At what cost?

Senators have been inundated with calls, letters and e-mails from constituents vehemently opposed to President Bush's flawed immigration bill.

But as evidenced by Tuesday's 64-35 roll call vote to resume debate on the bill, a majority in the Senate still has not gotten the message.

Georgia's senators, Johnny Isakson and Saxby Chambliss, have rightly gauged the wishes of their state's citizens. So has South Carolina's Jim DeMint. All of them voted against resurrecting debate on this bill.

South Carolina senior senator Lindsey Graham, however, voted for it - and by doing so has repudiated the will of his Republican constituents.

If Graham can be drenched by waves of criticism and still not divorce himself from this immigration bill, what else could possibly get his attention? Flashing neon signs? Billboards? Skywriting? After all, there's no point in being subtle. Few things these days lack more subtlety than the nationwide mandate to scrap this wrongheaded immigration plan and engage in genuine, commonsense reform based on enforcing the laws we have.

What misguided senators should realize is the true scope of financial ruin that will come with the passage of this bill. The Heritage Foundation has conducted exhaustive research on what Americans can expect with Bush's so-called immigration reform, and the findings are positively chilling.

First, consider that low-skilled immigrants are expected to take in an average of $3 in government services and benefits for every $1 they would pay in taxes. That adds up to a net $89 billion burden to U.S. taxpayers every year.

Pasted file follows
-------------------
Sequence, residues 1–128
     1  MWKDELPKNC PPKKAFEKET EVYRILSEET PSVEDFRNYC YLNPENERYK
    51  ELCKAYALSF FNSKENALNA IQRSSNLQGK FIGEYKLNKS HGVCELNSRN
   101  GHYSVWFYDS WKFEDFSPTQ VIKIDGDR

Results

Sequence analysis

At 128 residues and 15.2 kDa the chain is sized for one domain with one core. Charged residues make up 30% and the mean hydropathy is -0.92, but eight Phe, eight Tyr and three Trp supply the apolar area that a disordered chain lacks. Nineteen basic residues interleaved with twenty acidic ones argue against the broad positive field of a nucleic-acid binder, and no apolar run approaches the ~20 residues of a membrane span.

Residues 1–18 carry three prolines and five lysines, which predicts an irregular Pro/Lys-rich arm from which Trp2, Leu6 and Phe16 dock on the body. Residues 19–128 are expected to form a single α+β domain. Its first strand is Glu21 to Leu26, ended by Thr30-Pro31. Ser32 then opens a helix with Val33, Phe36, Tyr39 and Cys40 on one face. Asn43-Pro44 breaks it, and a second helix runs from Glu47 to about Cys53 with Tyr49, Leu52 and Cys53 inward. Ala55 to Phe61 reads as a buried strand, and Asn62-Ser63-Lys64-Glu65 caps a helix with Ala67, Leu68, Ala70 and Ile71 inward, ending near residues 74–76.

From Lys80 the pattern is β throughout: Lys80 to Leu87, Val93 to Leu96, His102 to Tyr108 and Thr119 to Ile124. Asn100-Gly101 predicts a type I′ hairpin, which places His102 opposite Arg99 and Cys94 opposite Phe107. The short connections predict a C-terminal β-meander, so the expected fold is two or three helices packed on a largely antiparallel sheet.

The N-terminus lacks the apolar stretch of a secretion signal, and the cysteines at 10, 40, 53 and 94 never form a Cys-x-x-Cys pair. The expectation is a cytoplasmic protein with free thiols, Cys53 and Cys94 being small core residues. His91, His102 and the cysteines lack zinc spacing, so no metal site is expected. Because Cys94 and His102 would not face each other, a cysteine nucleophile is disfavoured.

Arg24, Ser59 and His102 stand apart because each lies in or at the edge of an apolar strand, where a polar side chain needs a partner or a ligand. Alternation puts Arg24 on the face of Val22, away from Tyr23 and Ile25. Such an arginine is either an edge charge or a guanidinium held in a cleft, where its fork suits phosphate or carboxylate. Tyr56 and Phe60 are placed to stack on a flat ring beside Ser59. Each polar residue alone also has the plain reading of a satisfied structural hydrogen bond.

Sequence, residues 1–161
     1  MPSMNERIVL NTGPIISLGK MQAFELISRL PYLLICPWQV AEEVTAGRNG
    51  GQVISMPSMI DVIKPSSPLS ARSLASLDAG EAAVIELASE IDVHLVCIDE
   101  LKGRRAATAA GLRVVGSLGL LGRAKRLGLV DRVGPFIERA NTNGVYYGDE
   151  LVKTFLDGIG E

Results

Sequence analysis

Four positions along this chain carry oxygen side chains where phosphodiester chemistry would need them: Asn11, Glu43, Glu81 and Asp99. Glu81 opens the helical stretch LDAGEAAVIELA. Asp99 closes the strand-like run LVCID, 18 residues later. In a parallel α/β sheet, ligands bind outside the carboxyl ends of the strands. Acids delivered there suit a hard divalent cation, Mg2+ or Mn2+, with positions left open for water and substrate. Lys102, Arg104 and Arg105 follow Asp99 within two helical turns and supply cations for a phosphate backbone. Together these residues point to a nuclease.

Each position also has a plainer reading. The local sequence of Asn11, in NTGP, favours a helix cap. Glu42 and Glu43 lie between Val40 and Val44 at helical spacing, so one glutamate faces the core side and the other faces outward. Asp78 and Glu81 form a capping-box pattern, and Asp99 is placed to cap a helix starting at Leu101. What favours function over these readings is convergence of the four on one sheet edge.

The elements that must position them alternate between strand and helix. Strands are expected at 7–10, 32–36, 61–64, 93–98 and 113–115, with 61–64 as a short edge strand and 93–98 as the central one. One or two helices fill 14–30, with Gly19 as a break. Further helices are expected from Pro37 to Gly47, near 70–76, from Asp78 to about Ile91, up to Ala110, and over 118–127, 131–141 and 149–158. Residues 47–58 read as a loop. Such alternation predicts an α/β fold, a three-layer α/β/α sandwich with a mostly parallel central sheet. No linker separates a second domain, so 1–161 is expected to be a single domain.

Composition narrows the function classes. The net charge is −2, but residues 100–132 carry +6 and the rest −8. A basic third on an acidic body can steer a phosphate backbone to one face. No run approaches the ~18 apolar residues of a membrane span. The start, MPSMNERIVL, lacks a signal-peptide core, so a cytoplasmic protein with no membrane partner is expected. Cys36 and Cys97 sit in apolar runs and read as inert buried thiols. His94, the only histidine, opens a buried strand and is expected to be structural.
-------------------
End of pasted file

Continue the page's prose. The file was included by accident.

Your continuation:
Then take into account that the average low-skilled immigrant family gets $10,500 a year in means-tested welfare. Over a lifetime, that's about a half-million dollars. Per family.

And let's not split hairs here. The immigration bill in question clearly allows for amnesty. Bill supporters say it isn't amnesty in the purest sense of the word because it requires illegals to pay a fine and admit wrongdoing to obtain temporary legal status.

But what possible incentive would illegals have to get this status? They're already in this country, and apparently had no compunctions about breaking the law to get here. They already have what they wanted, and they don't mind being squatters. Any government hoop they would have to jump through to get any level of legal status likely would be viewed as a needless hassle.

So consider this calculation: Heritage projects that, when recipients reach retirement age, taxpayers' cost of amnesty alone will be $2.6 trillion. To put that in perspective, compare that number to $2.8 trillion - that's the total spending listed in President Bush's fiscal year 2007 budget.

The illegal immigration problem is more than a matter of people coming across the border and taking our jobs. This is about financial sanity. And the Senate's current ill-aimed attempt at badly needed immigration reform is far from it.

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